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Scott B. Huffman

Scott B. Huffman

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    Good Abandonment in Mobile and PC Internet Search
    Jane Li
    Akihito Tokuda
    32nd Annual International ACM SIGIR Conference on Research and Development in Information Retrieval, ACM (Association for Computing Machinery), 2 Penn Plaza, Suite 701, New York 10121-0701 (2009), pp. 43-50
    Preview abstract Query abandonment by search engine users is generally considered to be a negative signal. In this paper, we explore the concept of good abandonment. We define a good abandonment as an abandoned query for which the user's information need was successfully addressed by the search results page, with no need to click on a result or refine the query. We present an analysis of abandoned internet search queries across two modalities (PC and mobile) in three locales. The goal is to approximate the prevalence of good abandonment, and to identify types of information needs that may lead to good abandonment, across different locales and modalities. Our study has three key findings: First, queries potentially indicating good abandonment make up a significant portion of all abandoned queries. Second, the good abandonment rate from mobile search is significantly higher than that from PC search, across all locales tested. Third, classified by type of information need, the major classes of good abandonment vary dramatically by both locale and modality. Our findings imply that it is a mistake to uniformly consider query abandonment as a negative signal. Further, there is a potential opportunity for search engines to drive additional good abandonment, especially for mobile search users, by improving search features and result snippets. View details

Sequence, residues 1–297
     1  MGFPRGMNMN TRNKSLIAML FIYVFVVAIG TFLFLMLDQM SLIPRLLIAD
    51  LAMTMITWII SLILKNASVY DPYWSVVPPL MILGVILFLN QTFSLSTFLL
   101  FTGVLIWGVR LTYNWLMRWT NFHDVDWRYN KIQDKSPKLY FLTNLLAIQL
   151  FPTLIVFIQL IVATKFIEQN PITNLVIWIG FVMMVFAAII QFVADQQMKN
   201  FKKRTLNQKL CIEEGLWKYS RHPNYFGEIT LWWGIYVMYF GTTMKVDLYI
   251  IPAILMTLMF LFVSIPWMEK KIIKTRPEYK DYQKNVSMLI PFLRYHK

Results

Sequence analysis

How evaluator domain expertise affects search result relevance
    Kenneth A. Kinney
    Juting Zhai
    Conference on Information and Knowledge Management (2008), pp. 591-598
    Multiple-Signal Duplicate Detection for Search Evaluation
    Alexei Stolboushkin
    Howard Wong-Toi
    Fan Yang
    Hein Roehrig
    Proceedings of 30th Annual International ACM SIGIR Conference, ACM (2007), pp. 223-230
    How well does result relevance predict session satisfaction?
    Michael Hochster
    Proceedings of the 30th annual international ACM SIGIR, ACM, Amsterdam (2007), pp. 567-574
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